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Underlying our fears of robots stealing our jobs are more basic anxieties about money. We're using fantasy to confront fears
Sci-Fi has become a measure to assess what's happening in the real world to see if we should be concerned. It doesn't take us away from our problems but allows us to identify what's wrong.
The “dark” kind of science fiction deals with the foundation of economics, which is scarcity. There is a fear that poverty will come faster as automation continues to devalue human labor.
People are experiencing scarcity or are afraid of it on a regular basis. Writers are turning to economists to make their financial worlds more plausible.
By incorporating ideas of economists, science fiction can explore a future of automation.
For example, how easy it would be to slide backward into the savagery of a slave economy. By incorporating ideas of a working economist, readers can be offered a believable thought experiment about real-life dangers.
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Some of the tech appearing in movies wasn’t the fruit of random predictions but of consultations with industrial designers, futurists and advertising specialists.
Is a new method for designing technology that explores the futures that ordinary people would prefer. Design fictions are provocative and engage people, encouraging them to envision, explain and raise questions about the direction of future technology and society.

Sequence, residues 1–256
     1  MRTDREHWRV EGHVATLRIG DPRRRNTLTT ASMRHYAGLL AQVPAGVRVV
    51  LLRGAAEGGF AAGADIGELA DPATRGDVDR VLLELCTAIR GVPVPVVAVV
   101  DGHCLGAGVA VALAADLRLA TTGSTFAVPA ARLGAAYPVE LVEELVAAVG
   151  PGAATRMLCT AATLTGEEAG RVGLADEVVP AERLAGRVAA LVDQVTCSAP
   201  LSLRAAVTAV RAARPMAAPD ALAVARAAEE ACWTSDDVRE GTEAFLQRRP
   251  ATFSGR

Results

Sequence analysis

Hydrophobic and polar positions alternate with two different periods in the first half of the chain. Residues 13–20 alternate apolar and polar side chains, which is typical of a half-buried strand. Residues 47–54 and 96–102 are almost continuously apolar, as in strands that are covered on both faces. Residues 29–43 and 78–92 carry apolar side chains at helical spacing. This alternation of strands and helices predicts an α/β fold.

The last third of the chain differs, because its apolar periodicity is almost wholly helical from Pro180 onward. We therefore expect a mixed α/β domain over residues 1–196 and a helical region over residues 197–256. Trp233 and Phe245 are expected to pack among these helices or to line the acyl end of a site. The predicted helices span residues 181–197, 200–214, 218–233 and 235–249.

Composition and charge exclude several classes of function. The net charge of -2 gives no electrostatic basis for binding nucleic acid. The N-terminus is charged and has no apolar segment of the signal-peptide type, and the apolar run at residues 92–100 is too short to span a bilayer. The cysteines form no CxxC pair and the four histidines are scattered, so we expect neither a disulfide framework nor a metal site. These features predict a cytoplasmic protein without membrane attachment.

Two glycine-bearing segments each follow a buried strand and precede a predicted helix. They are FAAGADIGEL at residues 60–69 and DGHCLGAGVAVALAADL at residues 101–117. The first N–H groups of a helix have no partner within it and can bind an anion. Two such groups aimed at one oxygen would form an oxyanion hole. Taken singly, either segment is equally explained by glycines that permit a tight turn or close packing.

Design fictions are now being used in sectors ranging from health to defence tech forecasting, and even policy making. In this way, science fiction can be used as a tool to help design future societies and technologies, giving the public a say on it too.
It's a cold-war set in space, with politics aligning towards left of center. It showcases the dangers of nationalism, with great leaders ending up causing enormous damage and harm because of th...
It's focuses on the survivors of humans in devastated colony worlds. The politics of this series reflect the left-wing reaction to the war on terror, stressing on the significance of democracy and civilian leadership.
The old ‘70s series, and it’s newer remake have, surprisingly different political ideologies, with the same basic story line.
... which is based on George R.R. Martin’s book series "A Song Of Ice And Fire", addresses a range of diverse political issues.
Most of the people hungry for power are showcased as maniacs and reflect on the wrongdoings of global political elites and career politicians.
For decades, we have believed that automation and huge leaps in technology will take away most of our jobs and there will be widespread unemployment.
A new study shows that this belief is inc...
The average working hours have declined only 6 percent, while income has increased at a decent rate per year.
The economy has actually grown even after automation, due to the addition of workers.
The Solow Paradox suggests that automation and computerization aren't taking our jobs, but are adding to our overall workload, taking away our leisure time.